June C. Lo
Self-reported sleep duration and cognitive performance in older adults: A systematic review and meta-analysis
Lo, June C.; Groeger, John A.; Cheng, Grand H.; Dijk, Derk-Jan; Chee, Michael W. L.
John A. Groeger
Grand H. Cheng
Michael W. L. Chee
Sleep is important for optimal cognitive functioning across the lifespan. Among older adults (≥ 55 years), self-reported short and long sleep durations have been repeatedly, albeit inconsistently, reported to elevate the risk for poor cognitive function. This meta-analytic review quantitatively summarizes the risk for poorer cognitive function among short and long sleepers in older adults. Eligible publications were searched online and manually. A total of 35 independent samples (N = 97,264) from 11 cross-sectional and seven prospective cohort studies were included. Pooled odds ratios (OR) with 95% confidence intervals (CI) were derived using random-effects models. Self-reported short and long sleep increased the odds for poor cognitive function by 1.40 (CI = 1.27–1.56) and 1.58 times (CI = 1.43–1.74), respectively. Effect sizes varied across studies and may have been moderated by both study type (cross-sectional and prospective) and cognitive domain assessed. For cross-sectional studies, extreme sleep durations were significantly associated with poorer multiple-domain performance, executive functions, verbal memory, and working memory capacity. Prospective cohort studies revealed significant long-term impact of short and long sleep on multiple-domain performance only. These findings establish self-reported extreme sleep duration as a risk factor for cognitive aging.
Lo, J. C., Groeger, J. A., Cheng, G. H., Dijk, D., & Chee, M. W. L. (2016). Self-reported sleep duration and cognitive performance in older adults: A systematic review and meta-analysis. Sleep medicine, 17, 87-98. https://doi.org/10.1016/j.sleep.2015.08.021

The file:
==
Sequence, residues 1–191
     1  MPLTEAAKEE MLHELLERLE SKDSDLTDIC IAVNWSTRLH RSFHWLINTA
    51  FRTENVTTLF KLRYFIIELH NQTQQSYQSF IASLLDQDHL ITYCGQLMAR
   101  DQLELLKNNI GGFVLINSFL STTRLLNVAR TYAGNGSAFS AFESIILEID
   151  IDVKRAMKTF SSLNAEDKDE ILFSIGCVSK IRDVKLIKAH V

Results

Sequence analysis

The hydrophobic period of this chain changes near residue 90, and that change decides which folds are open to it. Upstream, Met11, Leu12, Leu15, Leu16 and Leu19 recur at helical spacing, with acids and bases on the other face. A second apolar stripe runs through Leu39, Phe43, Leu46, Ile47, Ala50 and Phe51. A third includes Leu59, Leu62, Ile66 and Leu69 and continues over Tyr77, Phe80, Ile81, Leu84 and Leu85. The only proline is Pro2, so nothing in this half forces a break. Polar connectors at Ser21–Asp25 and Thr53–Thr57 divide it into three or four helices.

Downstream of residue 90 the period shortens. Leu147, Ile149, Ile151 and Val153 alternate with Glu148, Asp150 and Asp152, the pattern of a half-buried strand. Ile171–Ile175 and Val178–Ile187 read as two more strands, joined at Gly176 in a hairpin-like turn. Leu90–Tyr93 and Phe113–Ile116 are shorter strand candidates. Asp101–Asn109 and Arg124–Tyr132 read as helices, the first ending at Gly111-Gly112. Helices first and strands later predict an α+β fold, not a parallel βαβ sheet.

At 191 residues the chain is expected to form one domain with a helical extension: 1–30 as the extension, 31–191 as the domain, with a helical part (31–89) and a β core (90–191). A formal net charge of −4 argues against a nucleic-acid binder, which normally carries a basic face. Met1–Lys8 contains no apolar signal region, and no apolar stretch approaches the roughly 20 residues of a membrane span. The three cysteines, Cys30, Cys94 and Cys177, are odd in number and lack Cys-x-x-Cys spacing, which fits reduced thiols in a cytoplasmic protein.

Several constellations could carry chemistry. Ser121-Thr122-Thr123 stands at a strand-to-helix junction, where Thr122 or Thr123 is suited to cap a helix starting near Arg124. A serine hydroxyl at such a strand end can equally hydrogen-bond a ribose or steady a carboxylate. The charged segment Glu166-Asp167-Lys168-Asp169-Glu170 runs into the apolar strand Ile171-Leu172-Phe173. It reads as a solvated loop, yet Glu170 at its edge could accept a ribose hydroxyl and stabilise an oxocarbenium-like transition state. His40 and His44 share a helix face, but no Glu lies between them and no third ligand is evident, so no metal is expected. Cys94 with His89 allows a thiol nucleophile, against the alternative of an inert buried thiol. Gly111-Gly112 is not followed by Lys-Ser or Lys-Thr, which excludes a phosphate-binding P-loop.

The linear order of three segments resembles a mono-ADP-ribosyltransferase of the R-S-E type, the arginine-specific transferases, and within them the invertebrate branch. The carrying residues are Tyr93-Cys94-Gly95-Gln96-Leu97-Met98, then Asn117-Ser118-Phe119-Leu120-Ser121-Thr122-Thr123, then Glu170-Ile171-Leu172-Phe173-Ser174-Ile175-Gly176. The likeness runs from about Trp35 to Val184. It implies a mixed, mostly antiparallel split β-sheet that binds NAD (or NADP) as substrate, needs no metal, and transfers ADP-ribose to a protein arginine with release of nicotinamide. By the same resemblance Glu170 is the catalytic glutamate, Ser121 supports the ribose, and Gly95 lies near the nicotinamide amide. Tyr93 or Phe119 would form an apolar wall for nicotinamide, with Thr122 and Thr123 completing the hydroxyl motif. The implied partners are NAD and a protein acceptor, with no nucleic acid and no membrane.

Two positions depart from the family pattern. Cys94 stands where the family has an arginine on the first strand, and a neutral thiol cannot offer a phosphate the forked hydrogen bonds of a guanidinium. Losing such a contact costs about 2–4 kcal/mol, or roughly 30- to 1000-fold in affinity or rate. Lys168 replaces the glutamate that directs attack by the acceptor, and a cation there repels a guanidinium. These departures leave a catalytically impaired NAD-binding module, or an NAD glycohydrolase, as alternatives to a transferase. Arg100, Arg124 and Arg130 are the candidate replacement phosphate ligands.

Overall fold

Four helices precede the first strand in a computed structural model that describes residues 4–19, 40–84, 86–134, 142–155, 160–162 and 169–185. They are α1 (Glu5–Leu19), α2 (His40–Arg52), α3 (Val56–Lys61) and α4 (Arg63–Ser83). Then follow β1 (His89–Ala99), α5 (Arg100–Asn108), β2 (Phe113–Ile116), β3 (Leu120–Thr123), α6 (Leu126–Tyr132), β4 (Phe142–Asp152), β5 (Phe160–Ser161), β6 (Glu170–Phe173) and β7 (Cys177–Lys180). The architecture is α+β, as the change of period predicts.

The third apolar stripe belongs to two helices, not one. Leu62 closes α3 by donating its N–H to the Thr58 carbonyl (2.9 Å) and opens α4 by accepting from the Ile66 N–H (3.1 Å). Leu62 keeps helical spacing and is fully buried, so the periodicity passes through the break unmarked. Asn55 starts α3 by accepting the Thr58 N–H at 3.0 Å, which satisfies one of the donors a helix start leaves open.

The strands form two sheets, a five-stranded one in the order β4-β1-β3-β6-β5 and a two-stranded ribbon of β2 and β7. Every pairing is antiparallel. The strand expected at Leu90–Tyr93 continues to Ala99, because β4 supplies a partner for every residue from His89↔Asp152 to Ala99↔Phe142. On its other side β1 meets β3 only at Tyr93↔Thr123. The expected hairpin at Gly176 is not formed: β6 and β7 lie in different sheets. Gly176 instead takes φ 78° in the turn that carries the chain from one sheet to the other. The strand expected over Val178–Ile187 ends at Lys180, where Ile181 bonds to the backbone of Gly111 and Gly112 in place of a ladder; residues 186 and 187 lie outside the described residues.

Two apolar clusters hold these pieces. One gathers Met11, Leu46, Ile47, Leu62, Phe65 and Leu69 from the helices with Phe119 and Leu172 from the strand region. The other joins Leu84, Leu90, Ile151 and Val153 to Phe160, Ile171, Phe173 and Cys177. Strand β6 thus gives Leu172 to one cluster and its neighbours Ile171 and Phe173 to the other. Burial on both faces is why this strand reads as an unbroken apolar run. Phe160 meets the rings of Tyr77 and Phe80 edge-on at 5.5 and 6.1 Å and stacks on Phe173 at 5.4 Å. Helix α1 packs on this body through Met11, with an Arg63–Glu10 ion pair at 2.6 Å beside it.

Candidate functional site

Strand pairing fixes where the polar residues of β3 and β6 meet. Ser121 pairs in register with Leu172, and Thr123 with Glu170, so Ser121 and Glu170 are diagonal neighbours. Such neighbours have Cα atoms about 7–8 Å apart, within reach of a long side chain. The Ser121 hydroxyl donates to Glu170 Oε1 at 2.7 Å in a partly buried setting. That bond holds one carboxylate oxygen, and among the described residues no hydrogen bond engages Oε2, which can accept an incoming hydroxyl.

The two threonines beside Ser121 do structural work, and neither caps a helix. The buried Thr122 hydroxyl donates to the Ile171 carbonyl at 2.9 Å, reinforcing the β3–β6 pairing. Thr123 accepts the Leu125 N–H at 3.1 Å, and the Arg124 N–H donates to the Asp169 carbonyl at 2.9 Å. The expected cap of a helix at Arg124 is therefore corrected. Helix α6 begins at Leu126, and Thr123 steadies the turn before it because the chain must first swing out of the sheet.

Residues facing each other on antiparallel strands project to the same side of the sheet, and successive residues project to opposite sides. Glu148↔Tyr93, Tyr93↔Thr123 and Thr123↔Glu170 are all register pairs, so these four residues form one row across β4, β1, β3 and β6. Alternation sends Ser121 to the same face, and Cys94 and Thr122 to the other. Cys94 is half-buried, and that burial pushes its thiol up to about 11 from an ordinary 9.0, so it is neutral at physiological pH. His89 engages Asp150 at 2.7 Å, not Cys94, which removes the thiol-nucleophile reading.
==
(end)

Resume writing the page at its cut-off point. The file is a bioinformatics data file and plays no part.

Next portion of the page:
|Journal Article Type||Review|
|Acceptance Date||Aug 8, 2015|
|Online Publication Date||Sep 25, 2016|
|Publication Date||Jan 1, 2016|
|Deposit Date||Nov 6, 2015|
|Publicly Available Date||Nov 23, 2017|
|Peer Reviewed||Peer Reviewed|
|Keywords||Sleep duration; Cognitive function; Older adults; Review; Meta-analysis|
|Copyright Statement||©2015. This article is made available under the CC-BY-NC-ND 4.0 license http://creativecommons.org/licenses/by-nc-nd/4.0/.|
|Additional Information||This is an open access article published in Sleep Medicine, 2015.|
Publisher Licence URL
©2015. This article is made available under the CC-BY-NC-ND 4.0 license http://creativecommons.org/licenses/by-nc-nd/4.0/.
You might also like
Sex differences in the circadian regulation of sleep and waking cognition in humans
An instrumental scientist: Ivan D. Brown (1927-2014)
Age-related reduction in daytime sleep propensity and nocturnal slow wave sleep